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Animal welfare activists and filmmakers should work together more often, British researchers say. Movies can inform the public about the need to protect endangered animals. But the message often backfires.
Conservationists should harness the "Hollywood effect" to help protect animals, say researchers at the University of Exeter after studying possible connections between Hollywood and biodiversity conservation.
"Films might inspire people to learn more about conservation and take action," says Matthew Silk of the Environment and Sustainability Institute of the University of Exeter, co-author of the study. "But they might also misinform people and portray a simplified, romantic version of nature."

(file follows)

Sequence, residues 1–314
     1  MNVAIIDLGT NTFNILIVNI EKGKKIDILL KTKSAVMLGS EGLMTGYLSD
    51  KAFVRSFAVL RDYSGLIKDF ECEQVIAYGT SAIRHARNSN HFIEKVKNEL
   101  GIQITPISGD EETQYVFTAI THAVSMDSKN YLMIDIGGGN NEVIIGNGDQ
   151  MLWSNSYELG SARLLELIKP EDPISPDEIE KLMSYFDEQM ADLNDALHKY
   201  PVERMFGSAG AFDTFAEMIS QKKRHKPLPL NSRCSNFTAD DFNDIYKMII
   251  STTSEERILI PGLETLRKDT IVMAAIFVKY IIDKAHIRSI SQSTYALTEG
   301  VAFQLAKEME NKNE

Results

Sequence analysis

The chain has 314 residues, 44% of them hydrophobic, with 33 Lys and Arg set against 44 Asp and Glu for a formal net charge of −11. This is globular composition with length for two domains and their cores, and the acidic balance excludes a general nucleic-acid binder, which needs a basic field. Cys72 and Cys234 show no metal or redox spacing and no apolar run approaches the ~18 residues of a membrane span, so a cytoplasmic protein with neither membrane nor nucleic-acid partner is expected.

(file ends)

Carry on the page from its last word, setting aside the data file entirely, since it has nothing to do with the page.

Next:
Scientific advisors are already part of many film productions. It might be useful to get input from biodiversity conservationists, too, the researchers say.
"We are not suggesting the movie industry become conservation campaigners," co-author Sarah Crowley said.
"Instead, we are saying: Conservationists and researchers should work hard to understand and take advantage of the opportunities cinema offers to tell people about little-known species and key habitats."